3 Ways Your Dog’s Nose Could Save Your Life

Cancer detecting dog
Ray Madigral
A Pine Street Foundation cancer detection dog gets to work sniffing human breath samples.

When news headlines trumpet a dog sniffing out trouble and saving someone’s life, there’s often a dramatic story to tell: a fire, an explosive or a search-and-rescue operation. But there’s another remarkable way that dogs’ highly attuned sense of smell can save lives.

By following their noses, some canines can alert you to life-threatening health issues.

While there are thousands of first-person anecdotes about such scenarios, there’s also a growing body of scientific evidence and corroborating studies. Researchers across the world are investigating the potential of using dogs as medical early warning systems. With their heightened sense of smell — thousands of times more sensitive than humans' — it seems that canines can pick up the scent of certain diseases and medical conditions.

Could your dog give you a crucial early alert for a cancer screening? Or maybe save you from a seizure? Read on for three medical situations in which your pup might just come to the rescue.

Sniffing Out Cancer

Over the past few years, several research studies have utilized dogs in the pursuit of one of mankind’s deadliest diseases: cancer. Findings show that dogs can smell the presence of cancer in various samples, particularly those taken of the breath. These biomarkers could eventually lead the way to early detection and a greater chance of survival.

In 2011, a group of doctors at the Ambulante Pneumologie in Germany reported their findings from scent trials in which dogs pinpointed breath samples from patients with lung cancer. The dogs had a 71 percent success rate in identifying the cancer samples.

The Pine Street Foundation in California has published similarly encouraging results. In 2006, it released a study in which five trained dogs smelled breath samples from 55 lung cancer patients, 31 breast cancer patients and 83 healthy subjects. Over several months, and more than 12,000 trials, the dogs correctly selected the samples in roughly 90 percent of the cases, as well as across all four stages of the cancers.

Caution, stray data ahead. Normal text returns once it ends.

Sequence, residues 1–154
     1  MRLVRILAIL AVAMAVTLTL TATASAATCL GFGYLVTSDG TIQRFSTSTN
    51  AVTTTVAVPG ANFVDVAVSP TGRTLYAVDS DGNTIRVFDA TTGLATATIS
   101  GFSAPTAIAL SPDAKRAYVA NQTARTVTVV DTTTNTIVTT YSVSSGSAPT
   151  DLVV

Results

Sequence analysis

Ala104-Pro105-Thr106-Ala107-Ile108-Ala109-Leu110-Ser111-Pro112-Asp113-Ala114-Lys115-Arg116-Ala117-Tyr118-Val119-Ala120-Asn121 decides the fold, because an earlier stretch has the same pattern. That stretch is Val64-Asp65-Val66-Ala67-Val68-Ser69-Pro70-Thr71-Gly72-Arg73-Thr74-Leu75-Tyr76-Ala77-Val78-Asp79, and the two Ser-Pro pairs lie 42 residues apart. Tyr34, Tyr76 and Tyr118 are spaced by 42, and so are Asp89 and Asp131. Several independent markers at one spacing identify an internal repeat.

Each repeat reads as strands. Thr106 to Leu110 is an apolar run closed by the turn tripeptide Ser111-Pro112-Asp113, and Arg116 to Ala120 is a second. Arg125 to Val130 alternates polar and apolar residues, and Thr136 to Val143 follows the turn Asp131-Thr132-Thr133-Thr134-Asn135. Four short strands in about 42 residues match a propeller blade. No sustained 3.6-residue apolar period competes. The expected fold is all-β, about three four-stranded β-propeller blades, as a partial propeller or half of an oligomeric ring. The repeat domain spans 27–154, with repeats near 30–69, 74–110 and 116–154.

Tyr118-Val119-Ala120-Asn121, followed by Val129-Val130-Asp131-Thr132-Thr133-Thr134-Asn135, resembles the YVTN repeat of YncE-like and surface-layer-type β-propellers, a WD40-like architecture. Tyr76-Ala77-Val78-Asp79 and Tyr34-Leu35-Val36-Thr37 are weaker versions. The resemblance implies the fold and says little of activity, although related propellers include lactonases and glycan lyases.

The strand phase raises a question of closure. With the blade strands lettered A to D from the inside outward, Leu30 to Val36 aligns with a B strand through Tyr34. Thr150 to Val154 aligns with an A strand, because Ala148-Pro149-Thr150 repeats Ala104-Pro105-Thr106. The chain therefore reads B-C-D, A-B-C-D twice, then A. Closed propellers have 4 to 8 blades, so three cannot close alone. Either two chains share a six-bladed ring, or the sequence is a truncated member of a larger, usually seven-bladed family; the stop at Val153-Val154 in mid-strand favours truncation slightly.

Dr. Michael McCulloch, Pine Street Foundation’s research director, credits a 1989 report in The Lancet, a British medical journal, for initially piquing his interest in the novel idea. The report described a dog persistently sniffing a mole on his owner’s leg, which a doctor’s visit later revealed was a malignant melanoma. This reminded McCulloch’s team of a Chinese medical text from the third century B.C., which noted how human odors could change when the body is diseased.

“[We thought the dog] could do the same thing for other people, given the right training,” Dr. McCulloch says. “We then asked the question: If the dog could sniff a surface tumor, maybe we could train the dog, and maybe the same type of odor would occur from tumors located deeper in the body? And what if the odor could make its way to the lungs and out as exhaled breath? That was the hunch we were going on.”

Pine Street’s current project tackles the early detection of ovarian cancer. The team is collecting breath samples from patients with ovarian, fallopian tube or primary peritoneal cancer, along with healthy controls. And, once again, the dogs will sniff . . . and sniff . . . and sniff.

So far, the exact organic compounds that dogs can identify remain unknown. Dr. Touradj Solouki, a chemistry professor at Baylor University, has since joined the Pine Street project to examine these mysterious markers. With detailed analyses, Dr. McCulloch hopes that “[Solouki’s] lab can tell us what our Labs are sniffing!”

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